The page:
Throughout this post you will see responses to the question "How are you/have you been kind to others? Add your response in the comments below. Let's shift away from negativity and bring a positive attitude and inspiration to others. This is not bragging or about ego, so let your light shine.
Commiting acts of kindness enhances your quality of life and that of others. It also:
Acts of kindness and compassion from the heart benefit your longevity and your physical health.
The key to gaining mental and physical benefits from volunteering and generosity is to give from the heart and not from a sense of obligation or guilt, which leads to health-harming stress.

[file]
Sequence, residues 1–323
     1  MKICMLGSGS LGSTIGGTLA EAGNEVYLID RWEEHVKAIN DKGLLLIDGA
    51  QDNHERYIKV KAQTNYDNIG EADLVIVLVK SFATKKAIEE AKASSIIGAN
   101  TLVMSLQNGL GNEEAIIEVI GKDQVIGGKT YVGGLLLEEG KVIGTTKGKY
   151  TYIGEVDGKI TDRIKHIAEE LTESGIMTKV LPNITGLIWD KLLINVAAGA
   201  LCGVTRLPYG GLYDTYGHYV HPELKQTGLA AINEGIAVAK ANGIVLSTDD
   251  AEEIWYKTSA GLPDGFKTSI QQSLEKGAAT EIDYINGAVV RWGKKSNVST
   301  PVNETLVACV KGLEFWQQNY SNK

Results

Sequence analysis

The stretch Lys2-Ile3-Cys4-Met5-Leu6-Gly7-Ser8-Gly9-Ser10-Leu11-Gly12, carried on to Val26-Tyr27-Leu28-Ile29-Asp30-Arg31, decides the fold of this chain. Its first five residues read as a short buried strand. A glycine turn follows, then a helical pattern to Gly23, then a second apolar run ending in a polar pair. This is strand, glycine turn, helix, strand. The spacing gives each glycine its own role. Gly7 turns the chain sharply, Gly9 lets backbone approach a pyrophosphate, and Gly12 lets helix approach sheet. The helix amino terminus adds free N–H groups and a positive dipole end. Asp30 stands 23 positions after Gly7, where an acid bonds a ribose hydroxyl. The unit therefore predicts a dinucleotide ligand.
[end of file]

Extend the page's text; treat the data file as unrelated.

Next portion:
In a word, yes.
If your altruism wears you down and burns you out to the point where you resent it and have trouble being nice, then it's time to step back. Reevaluate why you give so much of yourself that your mental and/or physical well-being are suffering.
Acts of kindness may not always be in the best interest of the recipient. While it is always positive to speak kindly, even when being assertive, it is not always positive to give hand outs from a sense of altruism or compassion. Wisdom is key in these circumstances. There's a big difference between a hand-up which lifts someone and helps them stand on their own and hand-outs which build dependency and lack of motivation in people who are capable of doing more for themselves.